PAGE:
While the world watched and tweeted about the Super Bowl the Edder and I huddled up with Milo in shock and grief. Moments after arriving at a Super Bowl party, ready for fun and festivities, I got that phone call no one EVER wants to get.
Someone you care about, someone who has been incredibly important in your life, is gone. I stood in the corner of our friends’ house on the phone listening to my best friend tell me my therapist was killed in a car accident. Along with his wife, and his precious service dog. It’s one of those surreal moments. I just stood there. I couldn’t even hear my friend’s voice anymore, I have no idea what else she said. We were both in shock.
Finally I found my bearings, found the Edder… and lost it. In front of a houseful of people. We left immediately. The news hit me HARD.
My therapist and counselor of seven years. The man who helped me learn to navigate my life and my depression. The one who saw the absolute worst of me, who knew the worst of me, who knew my deepest darkest secrets, who knew all the ugly, the shortcomings, the deep pain and burdens in my life. The one who also knew the deepest desires of my heart, my goals, my dreams, my goodness, my pure intent and hopes to thrive… he cared for and helped me despite all my problems. Is gone.
My question is this. How do you navigate the grief for someone you turned to, to help you navigate all your grief? And struggles and hardships? I don’t know where to start. But I know I am not alone in my grief, my therapist was very well-known in town. He was an incredible person. But no. That doesn’t even cover the kind of person he was. He was outstanding, the kind of man every person should aspire to be, in my opinion.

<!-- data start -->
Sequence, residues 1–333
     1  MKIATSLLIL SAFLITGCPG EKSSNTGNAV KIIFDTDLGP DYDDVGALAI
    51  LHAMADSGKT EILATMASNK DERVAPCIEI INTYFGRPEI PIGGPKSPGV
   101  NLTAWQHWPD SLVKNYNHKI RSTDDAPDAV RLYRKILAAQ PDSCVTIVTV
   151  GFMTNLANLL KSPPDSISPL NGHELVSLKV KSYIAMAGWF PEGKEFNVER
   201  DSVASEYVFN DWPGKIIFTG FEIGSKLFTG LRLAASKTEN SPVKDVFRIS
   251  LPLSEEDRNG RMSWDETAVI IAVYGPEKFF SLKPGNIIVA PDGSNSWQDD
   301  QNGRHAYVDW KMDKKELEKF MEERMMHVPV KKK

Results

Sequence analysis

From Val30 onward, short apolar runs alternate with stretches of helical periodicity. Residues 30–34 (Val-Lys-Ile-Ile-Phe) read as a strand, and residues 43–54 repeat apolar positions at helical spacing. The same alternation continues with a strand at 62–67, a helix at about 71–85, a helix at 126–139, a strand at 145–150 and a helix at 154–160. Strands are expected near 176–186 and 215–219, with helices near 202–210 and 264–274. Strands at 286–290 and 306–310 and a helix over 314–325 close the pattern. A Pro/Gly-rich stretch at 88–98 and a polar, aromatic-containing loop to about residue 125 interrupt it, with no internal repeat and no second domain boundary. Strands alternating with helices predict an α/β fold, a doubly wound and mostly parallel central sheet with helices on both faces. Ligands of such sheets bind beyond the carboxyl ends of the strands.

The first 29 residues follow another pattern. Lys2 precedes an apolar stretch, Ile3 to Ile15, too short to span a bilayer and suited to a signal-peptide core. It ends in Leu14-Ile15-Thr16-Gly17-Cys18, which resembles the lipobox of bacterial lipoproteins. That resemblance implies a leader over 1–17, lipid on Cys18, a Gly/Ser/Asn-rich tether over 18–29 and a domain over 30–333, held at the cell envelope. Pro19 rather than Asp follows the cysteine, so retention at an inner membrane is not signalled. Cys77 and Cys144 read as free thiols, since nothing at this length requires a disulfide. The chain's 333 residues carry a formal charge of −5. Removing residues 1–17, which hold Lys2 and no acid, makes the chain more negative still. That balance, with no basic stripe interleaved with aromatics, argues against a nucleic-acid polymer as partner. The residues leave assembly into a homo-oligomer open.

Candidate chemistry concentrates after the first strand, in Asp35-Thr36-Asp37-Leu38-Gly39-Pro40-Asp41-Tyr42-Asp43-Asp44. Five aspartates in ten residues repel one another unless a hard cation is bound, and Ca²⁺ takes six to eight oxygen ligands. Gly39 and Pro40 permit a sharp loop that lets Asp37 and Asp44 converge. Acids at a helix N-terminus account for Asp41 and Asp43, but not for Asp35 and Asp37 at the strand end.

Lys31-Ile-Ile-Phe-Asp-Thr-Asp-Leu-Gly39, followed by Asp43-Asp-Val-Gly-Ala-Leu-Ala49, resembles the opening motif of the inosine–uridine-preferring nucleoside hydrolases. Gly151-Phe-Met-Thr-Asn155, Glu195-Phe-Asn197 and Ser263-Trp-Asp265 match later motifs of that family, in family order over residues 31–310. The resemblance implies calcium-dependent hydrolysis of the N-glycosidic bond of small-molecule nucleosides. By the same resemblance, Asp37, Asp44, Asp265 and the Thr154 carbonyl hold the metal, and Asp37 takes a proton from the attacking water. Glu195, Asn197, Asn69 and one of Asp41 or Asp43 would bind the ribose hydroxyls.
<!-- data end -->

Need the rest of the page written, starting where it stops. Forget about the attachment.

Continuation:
I have no words. I’m still in shock. As I know so many… an incredible amount of people in this town, are. I think his funeral will be the most attended one this city has ever seen.
The good news is that he is now in a whole body, in heaven, happy and no longer limited to the confines of a wheelchair and the pains of this world. And I don’t mean that as a cliché, in any way shape or form. This is coming from deep in my heart.
You were so loved and appreciated Randy. We love you. Thank you for everything you’ve done for the Edder and I. You changed our lives for the better in innumerable ways. We were so blessed and fortunate to have had you in our lives. We are going to miss you so incredibly much.
My health is a tribute to the fruit of Randy’s life. Generations to come will be blessed by the work he did.